Authority and the Voice of God

The book of Genesis is filled with stories of the first order of importance. Every one of them is meant to be contemplated for at least a full lifetime. Everything in existence is expressed if not explained in these 50 chapters – and not in easily understandable ways.

Two stories have dominated my attention for some time now: the story of the temptation of Eve and the story of Abraham offering up his son Isaac.

In the Abraham story, the father of many peoples is instructed by God as follows:

Take now your son, your only Isaac, whom you love,
And go to the land of Moriah, and offer him there as a burnt offering
Upon one of the mountains of which I shall tell you.

If anybody wants to reject the God of the Old Covenant, this is the story to gloam on to. Here it is. Take it. Throw away this God and never have to deal with Him again. He gives you that option right here. You can even claim the ethical high ground.

All my life I have wondered about this story, though I am sure there are commentaries that explain away all the difficulties it contains.

I don’t read that sort of commentary any more.

How did Abraham know it was the voice of God? He couldn’t draw on ethics. This command is contrary to everything Abraham had learned about good and evil up to this point.

He couldn’t draw on experience – not even the mystical sort. God had promised Abraham that this child Isaac would be the seed through whom Abraham would realize the fulness of the covenant.

He couldn’t draw on any sort of Cartesian rationalism. I’m not sure it would have had anything at all to say about the matter, unless it would be to draw back to ethics and say, “This is wrong.”

He certainly couldn’t draw on the advice of others. Are we to believe that Sarah would have been confident that Abraham was sound of mind? What would Hagar and Ishmael have said? Who could have advised him?

Nor were the pop philosophers any use to him, those who insist that all you need is love. He was about to do something that could not be done, to sing something that could not be sung, to do something without learning how to play the game.

Abraham was alone before God and he possessed no faculty by which he could understand or justify what God required of him.

So Abraham rose early in the morning, saddled his ass, and took two of his young men with him, and his son Isaac; and he cut the wood for the burnt offering, and arose and went to the place of which God had told him.

And then there’s Eve.

Here’s another easy out from believing in the God of the Bible. She who was called Woman, not yet Eve, because she was taken out of man, was naked and unashamed. How utterly unlike us.

Now the serpent was more subtle than any other wild creature that the Lord God had made. He said to the woman, “Did God say, You shall not eat of any tree of the garden?”

And the woman said to the serpent, “We may eat of the fruit of the trees of the garden; but God said, ‘You shall not eat of the fruit of the tree which is in the midst of the garden, neither shall you touch it, lest you die.’

But the serpent said to the woman, “You will not die. For God knows that when you eat of it your eyes will be opened, and you will be like God, knowing good and evil.”

So when the woman saw that the tree was good for food, and that it was a delight to the eyes, and that the tree was to be desired to make one wise, she took of its fruit and ate; and she also gave some to her husband, and he ate.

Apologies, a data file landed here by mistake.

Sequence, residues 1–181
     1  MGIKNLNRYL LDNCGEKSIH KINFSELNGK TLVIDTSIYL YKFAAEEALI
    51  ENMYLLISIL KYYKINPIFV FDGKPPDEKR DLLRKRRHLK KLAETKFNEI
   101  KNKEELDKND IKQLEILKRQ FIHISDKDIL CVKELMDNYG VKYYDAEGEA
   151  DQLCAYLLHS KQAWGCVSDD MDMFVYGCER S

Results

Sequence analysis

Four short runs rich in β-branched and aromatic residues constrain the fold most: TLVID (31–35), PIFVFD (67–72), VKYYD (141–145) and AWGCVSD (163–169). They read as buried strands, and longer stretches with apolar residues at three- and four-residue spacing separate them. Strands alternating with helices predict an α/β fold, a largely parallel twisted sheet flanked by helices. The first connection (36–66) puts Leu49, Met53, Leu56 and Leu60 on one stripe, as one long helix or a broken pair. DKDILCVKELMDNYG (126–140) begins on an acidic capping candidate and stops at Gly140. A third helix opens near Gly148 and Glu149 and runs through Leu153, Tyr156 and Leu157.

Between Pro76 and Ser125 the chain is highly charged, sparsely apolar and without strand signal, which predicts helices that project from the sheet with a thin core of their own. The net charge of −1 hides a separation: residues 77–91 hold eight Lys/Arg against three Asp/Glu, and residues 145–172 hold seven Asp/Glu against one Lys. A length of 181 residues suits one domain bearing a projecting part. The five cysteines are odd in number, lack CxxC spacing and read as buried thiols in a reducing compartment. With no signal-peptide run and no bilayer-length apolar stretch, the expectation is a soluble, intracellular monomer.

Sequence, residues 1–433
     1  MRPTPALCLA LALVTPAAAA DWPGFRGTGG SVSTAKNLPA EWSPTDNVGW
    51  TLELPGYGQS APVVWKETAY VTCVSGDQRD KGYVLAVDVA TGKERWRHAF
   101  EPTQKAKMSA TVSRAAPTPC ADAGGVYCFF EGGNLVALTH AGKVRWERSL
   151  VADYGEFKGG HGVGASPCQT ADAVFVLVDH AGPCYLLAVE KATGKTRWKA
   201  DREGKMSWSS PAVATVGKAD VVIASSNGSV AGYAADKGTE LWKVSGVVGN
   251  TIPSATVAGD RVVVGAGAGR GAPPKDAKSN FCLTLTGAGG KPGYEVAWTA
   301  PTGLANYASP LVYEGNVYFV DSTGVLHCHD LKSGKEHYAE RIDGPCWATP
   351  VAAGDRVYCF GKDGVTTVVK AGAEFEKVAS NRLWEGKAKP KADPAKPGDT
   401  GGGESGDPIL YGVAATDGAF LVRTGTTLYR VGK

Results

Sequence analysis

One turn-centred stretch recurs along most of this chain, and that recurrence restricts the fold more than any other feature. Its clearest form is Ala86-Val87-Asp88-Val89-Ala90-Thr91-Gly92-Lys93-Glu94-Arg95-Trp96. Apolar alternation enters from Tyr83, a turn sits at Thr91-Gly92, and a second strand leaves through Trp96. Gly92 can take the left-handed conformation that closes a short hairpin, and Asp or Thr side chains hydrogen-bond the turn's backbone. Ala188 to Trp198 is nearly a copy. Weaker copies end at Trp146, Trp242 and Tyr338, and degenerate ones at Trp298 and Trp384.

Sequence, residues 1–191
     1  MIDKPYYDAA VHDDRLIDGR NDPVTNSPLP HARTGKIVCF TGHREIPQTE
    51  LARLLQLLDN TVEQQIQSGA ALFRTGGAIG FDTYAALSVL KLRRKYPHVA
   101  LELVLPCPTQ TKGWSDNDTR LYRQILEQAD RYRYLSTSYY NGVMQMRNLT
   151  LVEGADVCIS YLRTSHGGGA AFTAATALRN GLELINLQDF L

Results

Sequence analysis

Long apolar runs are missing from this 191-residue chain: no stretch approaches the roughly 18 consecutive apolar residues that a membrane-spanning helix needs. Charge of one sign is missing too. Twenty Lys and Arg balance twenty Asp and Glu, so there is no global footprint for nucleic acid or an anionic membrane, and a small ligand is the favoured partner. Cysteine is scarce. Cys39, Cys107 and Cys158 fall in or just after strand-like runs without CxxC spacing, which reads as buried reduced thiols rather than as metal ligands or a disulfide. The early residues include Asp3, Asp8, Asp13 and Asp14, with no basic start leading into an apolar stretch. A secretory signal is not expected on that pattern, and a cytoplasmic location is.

Then the eyes of them both were opened, and they knew that they were naked;

How very like us.

What, I wonder, did Satan have to say to Abraham as he was travailing to the region of Moriah?

“Did God say…?”

“He wouldn’t say something like that…”

What attracts my attention as I read is the rather simplistic thought that God and Satan communicate differently. Even when He asks questions, as in the words of our Lord to the Pharisees or the dialogues with the prophet Elijah, God always speaks with Authority.

It is natural and fitting that He would do so, for all Authority is His and nobody else has Authority that is not delegated from Him.

On the other hand, Satan has no Authority at all, for God has given him none. He cannot, therefore, speak with Authority. So far as I can tell, that leaves him with two options: he can seduce or he can threaten. On the one hand, he can draw on intimidation and tyranny. On the other, he can draw on seduction and sympathy.

For this reason, he labors continually to form minds that are either sentimental or cynical.

The sentimental mind is easily seduced and is therefore a play-thing for a demon.

The cynical mind trusts nobody and is willing to acknowledge no authority as legitimate. It is a great Satanic achievement.

When people stop believing that Authority comes from God, they go through a period of liberation because they are freed from those who, like them, are cynics – who use the doctrine of Divine Authority for their own power-plays.

The temptation to do so is irresistable, so history is the story of cynics rising and falling to replace each other.

But the man who believes that Authority is a Divine Property delegated to man is properly bound to submit to the Divine Authority. Such a person serves as the only foundation for a just and free society and such a society can endure only so long as the wisdom of such a person nourishes it.

When God spoke to Abraham, He spoke with Authority – an Authority inherent in the Person speaking. When Abraham heard his voice, He did not need to speculate about it. He knew. 

When God spoke the sermon on the mount, we read that

When Jesus finished these words, the crowds were astonished at his teaching, for he taught them as one who had Authority.